“They found two more mass graves, big graves with hundreds of people,” the Ukrainian president said, as he called for further international sanctions against Vladimir Putin’s regime over potential war crimes.
Russia did not immediately respond to Mr Zelensky’s claim but has repeatedly denied committing atrocities during its invasion of Ukraine.
Ukrainian authorities earlier this month launched an investigation into a large burial site discovered next to a cemetery in Izyum after the months-long Russian occupation of the Kharkiv Oblast town.
The International Criminal Court’s chief prosecutor previously declared Ukraine a “crime scene” after visiting found a mass burial site in Bucha near Kyiv after Russian troops fled in April.
Meanwhile, firce opposition to Vladimir Putin’s mobilisation order continues. In Russia’s Muslim-majority southern region of Dagestan, police clashed with protesters on Sunday, leading to the detention of at least 100 people.
Ukraine finds more mass graves after driving Russia out
Gunman opens fire at draft office in Russia
Russian vote counters 'take ballot boxes door-to-door’
Putin to meet key ally Lukashenko later
Russians fleeing to Finland boost border crossings by 80%
Putin ‘deeply mourns’ death of seven Russian schoolchildren, killed by gunman wearing swastika t-shirt
14:09 , Liam James
At least 13 people have been killed after a gunman with a swastika on his t-shirt, opened fire at a school in the western Russian city of Izhevsk.
Among the dead were seven children, said police. Two teachers and two security guards were also killed.
Another 21 people were injured. Those wounded include 14 children, Russia’s Investigative Committee, which handles major crimes, said, amid fears the death toll could climb higher.
The gunman later killed himself, said the committee, who also revealed the details about what he was wearing.
Russia and US in sporadic contact over nuclear weapons
13:54 , Liam James
The Kremlin said on Monday it was in “sporadic” contact with the United States on issues related to nuclear arms, days after Vladimir Putin said he was “not bluffing” over his readiness to use such weapons if Russia felt its territorial integrity was under threat.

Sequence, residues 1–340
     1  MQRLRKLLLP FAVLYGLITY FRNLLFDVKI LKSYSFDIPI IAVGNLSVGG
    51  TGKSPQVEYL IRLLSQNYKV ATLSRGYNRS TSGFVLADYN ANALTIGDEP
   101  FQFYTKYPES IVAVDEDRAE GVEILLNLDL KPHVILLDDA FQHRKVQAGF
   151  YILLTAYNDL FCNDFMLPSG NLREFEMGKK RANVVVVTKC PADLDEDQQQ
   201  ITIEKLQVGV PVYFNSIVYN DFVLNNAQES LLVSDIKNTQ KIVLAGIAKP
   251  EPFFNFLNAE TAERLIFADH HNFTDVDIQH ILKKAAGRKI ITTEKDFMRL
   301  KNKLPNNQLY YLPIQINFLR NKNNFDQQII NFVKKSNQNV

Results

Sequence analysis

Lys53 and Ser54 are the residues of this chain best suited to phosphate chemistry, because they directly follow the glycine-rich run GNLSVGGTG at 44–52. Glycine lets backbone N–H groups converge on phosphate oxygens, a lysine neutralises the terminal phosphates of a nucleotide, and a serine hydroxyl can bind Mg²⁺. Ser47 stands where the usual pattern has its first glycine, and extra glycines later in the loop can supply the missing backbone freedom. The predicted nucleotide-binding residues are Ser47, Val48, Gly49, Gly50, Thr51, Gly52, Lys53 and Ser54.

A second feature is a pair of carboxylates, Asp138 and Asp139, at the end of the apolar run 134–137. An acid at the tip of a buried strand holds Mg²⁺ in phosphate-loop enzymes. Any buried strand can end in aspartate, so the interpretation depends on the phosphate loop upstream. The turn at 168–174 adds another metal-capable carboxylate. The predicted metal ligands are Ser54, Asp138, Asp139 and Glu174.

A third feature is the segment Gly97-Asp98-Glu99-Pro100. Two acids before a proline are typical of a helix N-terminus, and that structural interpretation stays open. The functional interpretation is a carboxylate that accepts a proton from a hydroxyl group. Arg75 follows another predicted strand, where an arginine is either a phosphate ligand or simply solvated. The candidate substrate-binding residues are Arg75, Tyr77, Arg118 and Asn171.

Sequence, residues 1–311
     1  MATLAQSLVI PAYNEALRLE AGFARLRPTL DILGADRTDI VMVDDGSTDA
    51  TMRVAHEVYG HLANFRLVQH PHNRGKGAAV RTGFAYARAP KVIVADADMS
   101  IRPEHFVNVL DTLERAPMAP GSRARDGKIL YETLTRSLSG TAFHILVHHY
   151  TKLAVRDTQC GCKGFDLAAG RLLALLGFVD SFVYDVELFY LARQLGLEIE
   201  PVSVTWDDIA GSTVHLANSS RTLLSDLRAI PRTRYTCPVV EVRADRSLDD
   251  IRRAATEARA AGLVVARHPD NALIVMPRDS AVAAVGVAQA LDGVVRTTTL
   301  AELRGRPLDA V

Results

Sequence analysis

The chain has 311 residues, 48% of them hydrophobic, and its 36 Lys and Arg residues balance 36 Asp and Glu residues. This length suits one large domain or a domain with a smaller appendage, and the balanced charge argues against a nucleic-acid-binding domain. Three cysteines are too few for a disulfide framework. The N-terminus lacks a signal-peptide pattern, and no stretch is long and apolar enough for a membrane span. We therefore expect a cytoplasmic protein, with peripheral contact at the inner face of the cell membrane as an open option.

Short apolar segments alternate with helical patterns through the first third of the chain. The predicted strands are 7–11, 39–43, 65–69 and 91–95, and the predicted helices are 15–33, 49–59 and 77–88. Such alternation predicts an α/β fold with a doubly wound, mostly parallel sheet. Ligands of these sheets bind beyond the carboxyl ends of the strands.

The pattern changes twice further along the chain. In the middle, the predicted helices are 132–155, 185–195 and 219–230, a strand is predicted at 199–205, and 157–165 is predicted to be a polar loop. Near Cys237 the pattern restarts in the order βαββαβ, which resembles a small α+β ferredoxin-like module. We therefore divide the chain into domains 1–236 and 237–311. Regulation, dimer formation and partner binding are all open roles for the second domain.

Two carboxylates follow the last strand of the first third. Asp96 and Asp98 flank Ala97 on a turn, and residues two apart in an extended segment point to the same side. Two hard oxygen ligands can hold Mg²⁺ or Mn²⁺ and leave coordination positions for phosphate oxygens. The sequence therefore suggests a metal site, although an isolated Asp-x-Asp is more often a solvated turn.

Kremlin spokesman Dmitry Peskov said the two sides had maintained a limited open channel of dialogue to allow for the “emergency exchange of messages” between the world’s two largest nuclear powers.
“There are channels for dialogue at the proper level, but they are of a very sporadic nature. At least they allow for the exchange of some emergency messages about each other’s positions,” Mr Peskov told reporters.
Mr Putin said last week Moscow would be prepared to use nuclear weapons to “protect Russia and our people” as he announced a mobilisation drive that threatens to significantly escalate the seven-month conflict in Ukraine.
The United States warned Moscow on Sunday of “catastrophic consequences” if it uses nuclear weapons in Ukraine.
Nord Stream 2 gas pipeline sees pressure drop
13:30 , Liam James
Pressure in the Nord Stream 2 undersea gas pipeline from Russia to Germany dropped from 300 to 7 bars overnight, a spokesperson for the pipeline’s operator said, adding that the company did not know the cause of the drop.
The Russian-owned pipeline, which was intended to double the volume of gas flowing from St Petersburg under the Baltic Sea to Germany, had just been completed and was filled with 300 million cubic metres of gas when German chancellor Olaf Scholz cancelled it shortly before Russia invaded Ukraine.
The Swiss-based operator said it had informed all relevant authorities and that a leak, if that were the cause, could not have been at the landing point in Lubmin, northern Germany.
“If it were in Lubmin, you’d have heard it,” the spokesperson said.
Russia has cut or halted gas supplies to Europe on several routes, including the Nord Stream 1 pipeline to Germany.
Dying Russian troops will be ‘cleansed of sin’, says orthodox church head
13:07 , Liam James